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Okra, Clemson Spineless, has been grown three years, one year with success. In all cases it was started in pots in the greenhouse. This is in Zone 5. Transplant shock and cool weather did them in on the two years or failure.

From six plants I got more than I could use, since I hardly knew what to do with it. This was the good year, 2012. the other years it was a disaster and they mostly died. Now with the experience gained I will juice them with other vegetables. In my case they have to be picked every other day since when in peak growing season they get large very quickly.

This year I sowed directly into the garden on 7 June. There are about sixteen plants which appear to be thriving for now about two inches tall, so I am optimistic.
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Old August 9, 2015   #30
joseph
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On Friday I evaluated how the okra patch was growing.

Among my landrace okra there were 6 pods on 20 plants. I rated the plants between 1 and 5 for vigor. Average was 3.8 There were 9 plants given the maximum score for vigor and 2 that were given the minimum. The plants that were given the minimum score were from a sibling group from the tallest plant in my garden last year. That sibling group also had a plant with the highest vigor score.

Among the foreign okra that is growing for the first time in my garden there were 18 pods on 46 plants. On the vigor scale they scored between 2 and 5+. The average score was 3.4. Of 20 varieties that I am testing, only 3 varieties contained a plant that was given the maximum score for vigor.

I gave one plant in Bam Ya Tohumu Sultani a vigor score of 5+ because it was the most vigorous plant in the garden. The other 2 plants from this variety were given a vigor score of 4. All plants had at least one pod on them.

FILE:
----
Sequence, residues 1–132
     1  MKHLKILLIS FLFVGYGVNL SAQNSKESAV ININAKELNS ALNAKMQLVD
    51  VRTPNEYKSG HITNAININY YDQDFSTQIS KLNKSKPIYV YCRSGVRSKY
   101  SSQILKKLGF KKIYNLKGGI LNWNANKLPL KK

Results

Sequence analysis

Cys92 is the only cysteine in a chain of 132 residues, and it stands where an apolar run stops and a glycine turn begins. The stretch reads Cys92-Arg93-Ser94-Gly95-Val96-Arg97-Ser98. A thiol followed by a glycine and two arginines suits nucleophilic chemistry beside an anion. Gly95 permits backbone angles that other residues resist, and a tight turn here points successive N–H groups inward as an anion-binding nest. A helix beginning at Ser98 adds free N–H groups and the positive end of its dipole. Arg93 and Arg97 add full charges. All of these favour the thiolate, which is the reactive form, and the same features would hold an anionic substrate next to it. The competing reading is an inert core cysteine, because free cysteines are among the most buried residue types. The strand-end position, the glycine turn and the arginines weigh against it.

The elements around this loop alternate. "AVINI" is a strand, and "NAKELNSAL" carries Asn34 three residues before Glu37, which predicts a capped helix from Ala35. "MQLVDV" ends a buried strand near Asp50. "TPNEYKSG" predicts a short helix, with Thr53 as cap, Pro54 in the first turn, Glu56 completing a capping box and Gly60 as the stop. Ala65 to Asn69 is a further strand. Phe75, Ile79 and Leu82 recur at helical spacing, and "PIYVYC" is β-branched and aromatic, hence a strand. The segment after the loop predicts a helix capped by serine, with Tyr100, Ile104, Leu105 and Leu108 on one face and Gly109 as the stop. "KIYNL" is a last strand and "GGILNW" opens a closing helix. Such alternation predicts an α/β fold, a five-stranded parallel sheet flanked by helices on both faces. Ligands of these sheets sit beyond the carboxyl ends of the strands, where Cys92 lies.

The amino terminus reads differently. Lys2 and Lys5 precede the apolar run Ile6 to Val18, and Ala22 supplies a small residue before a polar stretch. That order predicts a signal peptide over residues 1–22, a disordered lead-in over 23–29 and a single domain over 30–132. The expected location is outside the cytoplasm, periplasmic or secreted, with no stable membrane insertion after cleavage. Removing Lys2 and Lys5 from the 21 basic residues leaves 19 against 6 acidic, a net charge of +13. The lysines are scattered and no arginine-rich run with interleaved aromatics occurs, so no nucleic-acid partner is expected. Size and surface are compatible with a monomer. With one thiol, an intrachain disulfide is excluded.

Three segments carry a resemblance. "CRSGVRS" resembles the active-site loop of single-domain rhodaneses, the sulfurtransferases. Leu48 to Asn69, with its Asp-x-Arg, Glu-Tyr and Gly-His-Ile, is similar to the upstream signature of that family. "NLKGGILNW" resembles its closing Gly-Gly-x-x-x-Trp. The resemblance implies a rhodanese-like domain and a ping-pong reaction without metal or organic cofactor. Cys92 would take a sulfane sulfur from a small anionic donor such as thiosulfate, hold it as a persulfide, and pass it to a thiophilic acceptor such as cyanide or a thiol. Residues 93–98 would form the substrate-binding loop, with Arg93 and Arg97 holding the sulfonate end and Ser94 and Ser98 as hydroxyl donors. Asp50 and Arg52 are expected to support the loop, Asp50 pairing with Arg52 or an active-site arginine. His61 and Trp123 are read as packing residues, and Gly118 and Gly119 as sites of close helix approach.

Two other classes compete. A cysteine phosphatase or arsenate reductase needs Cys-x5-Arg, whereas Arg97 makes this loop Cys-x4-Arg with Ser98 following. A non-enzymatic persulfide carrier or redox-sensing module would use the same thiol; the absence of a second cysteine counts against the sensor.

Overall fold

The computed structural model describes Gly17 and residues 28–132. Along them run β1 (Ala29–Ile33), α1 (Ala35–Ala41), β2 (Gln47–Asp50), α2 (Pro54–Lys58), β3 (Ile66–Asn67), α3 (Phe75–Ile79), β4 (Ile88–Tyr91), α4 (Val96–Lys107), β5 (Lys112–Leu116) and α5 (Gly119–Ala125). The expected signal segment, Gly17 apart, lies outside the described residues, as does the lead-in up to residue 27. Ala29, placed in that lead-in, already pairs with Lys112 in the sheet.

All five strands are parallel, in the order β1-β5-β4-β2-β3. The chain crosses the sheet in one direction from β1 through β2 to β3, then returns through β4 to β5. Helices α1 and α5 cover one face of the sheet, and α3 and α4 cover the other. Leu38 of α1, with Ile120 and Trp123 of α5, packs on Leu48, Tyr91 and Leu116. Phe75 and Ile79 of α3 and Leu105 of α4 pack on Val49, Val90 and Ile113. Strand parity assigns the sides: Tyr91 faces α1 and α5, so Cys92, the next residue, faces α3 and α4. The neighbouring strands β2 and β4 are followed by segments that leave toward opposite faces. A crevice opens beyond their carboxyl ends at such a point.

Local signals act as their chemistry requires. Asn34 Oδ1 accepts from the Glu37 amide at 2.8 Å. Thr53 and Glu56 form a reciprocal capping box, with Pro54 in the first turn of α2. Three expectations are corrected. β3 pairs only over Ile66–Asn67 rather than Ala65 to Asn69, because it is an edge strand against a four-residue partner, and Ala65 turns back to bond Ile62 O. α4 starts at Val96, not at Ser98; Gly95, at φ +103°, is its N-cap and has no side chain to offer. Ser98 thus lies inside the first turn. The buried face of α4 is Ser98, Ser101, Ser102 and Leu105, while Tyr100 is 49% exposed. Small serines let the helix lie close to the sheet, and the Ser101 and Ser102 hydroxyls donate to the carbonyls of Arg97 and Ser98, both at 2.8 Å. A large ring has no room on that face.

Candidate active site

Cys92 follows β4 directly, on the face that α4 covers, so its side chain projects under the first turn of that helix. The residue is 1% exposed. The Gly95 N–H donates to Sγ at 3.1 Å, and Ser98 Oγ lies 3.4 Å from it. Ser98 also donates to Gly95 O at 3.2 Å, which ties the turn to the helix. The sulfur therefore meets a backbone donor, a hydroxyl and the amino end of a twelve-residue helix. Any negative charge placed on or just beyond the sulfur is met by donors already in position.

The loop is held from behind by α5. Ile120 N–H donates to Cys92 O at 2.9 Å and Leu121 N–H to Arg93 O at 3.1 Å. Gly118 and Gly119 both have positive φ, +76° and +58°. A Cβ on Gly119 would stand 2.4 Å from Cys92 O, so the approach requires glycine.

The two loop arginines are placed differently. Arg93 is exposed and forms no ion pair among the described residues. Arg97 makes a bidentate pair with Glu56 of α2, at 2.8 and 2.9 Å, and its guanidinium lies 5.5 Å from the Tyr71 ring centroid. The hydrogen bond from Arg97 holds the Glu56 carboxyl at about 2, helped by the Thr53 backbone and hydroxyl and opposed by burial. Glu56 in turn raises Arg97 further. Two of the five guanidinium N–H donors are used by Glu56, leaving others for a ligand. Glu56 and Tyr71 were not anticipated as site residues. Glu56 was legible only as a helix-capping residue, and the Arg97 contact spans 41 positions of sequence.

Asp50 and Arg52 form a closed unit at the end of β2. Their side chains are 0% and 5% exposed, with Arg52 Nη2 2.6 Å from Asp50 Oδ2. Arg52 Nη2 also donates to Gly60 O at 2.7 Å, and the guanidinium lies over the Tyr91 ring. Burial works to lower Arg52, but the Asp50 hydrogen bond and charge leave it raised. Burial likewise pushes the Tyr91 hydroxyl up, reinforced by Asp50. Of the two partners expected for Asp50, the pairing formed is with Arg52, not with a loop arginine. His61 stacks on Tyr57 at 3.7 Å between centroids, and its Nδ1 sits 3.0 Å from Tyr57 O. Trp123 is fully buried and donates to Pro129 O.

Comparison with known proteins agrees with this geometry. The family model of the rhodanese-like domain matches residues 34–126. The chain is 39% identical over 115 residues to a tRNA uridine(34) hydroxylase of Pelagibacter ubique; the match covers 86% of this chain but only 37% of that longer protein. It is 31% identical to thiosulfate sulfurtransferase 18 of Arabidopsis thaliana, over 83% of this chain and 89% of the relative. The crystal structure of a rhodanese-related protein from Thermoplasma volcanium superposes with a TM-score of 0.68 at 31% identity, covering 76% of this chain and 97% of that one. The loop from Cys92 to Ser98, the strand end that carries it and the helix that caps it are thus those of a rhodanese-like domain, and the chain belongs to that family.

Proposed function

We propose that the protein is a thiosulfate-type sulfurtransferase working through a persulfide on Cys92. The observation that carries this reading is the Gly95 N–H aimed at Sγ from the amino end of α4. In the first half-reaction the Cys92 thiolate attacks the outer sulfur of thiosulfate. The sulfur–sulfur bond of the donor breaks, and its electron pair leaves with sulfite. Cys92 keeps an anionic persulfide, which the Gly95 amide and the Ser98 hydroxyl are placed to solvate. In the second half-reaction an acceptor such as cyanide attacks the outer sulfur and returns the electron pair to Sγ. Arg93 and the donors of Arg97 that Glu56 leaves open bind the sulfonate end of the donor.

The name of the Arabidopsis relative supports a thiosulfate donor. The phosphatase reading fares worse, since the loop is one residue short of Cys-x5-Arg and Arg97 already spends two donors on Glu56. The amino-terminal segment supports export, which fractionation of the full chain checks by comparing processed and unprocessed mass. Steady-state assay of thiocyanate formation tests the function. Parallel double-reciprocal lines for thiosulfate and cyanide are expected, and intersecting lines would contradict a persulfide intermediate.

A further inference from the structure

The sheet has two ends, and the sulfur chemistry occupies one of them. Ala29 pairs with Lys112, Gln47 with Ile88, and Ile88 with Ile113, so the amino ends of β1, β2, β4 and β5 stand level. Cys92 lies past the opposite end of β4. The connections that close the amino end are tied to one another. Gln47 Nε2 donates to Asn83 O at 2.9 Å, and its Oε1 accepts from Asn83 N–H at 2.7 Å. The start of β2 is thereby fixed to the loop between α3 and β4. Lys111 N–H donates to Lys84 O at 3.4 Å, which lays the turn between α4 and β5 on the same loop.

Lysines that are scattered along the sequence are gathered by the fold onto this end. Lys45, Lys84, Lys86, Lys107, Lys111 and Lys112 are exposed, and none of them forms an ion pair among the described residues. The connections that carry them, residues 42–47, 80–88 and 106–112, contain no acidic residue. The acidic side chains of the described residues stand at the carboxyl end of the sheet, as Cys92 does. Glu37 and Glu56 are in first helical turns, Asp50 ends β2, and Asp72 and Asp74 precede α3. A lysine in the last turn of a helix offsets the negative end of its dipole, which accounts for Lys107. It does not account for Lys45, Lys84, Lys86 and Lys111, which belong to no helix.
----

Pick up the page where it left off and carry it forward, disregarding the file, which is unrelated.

All 3 plants in a NOID variety that I am calling Trade were given a perfect vigor score. It hasn't produced any fruit. It is burgandy colored. Some of the leaves were turning brown.

The 3 plants in Fife Creek were given scores of 2, 5, and 3. That seems to indicate high diversity within this variety. One plant was called "Great", and the other two were called "brown leaves".


Varieties that have produced at least one fruit are:

Jade,
Julies Grex (most fruits to date),
Bam Ya Tohumu Sultani,
Burmese
Face Of The Earth Grex,
Gold Coast,
Ever Tender


65% of the foreign varieties had leaves which have partially died, and turned brown. The varieties on which the leaves are turning brown are:

Trade,
Clemson,
Julies Grex,
Bam Ya Tohumu Sultani (some plants),
Fife Creek (some plants)
Heavy Hitter,
Burmese,
Piggy 1,
Face of the Earth Grex,
Lee (bug eaten),
Missy's From SLC,
Ever Tender,
Noid (lost marker)

Some of the varieties are already branching. That seems like a good trait for my growing conditions because it might provide more fruiting opportunities earlier in the season. The branching varieties include:

Gregg's,
Cow Horn,
Piggy 1,
Cajun Jewel,
Noid,

After scoring the plants, I cut off all the brown leaves, and removed any seed pods from plants that had brown leaves. Woo Hoo! I had okra to take to the farmer's market... When I brought the unsold home, that some of them were too fibrous to cut. Guess I need to learn how to harvest okra...

My fall frosts might start as soon as 4 weeks from now...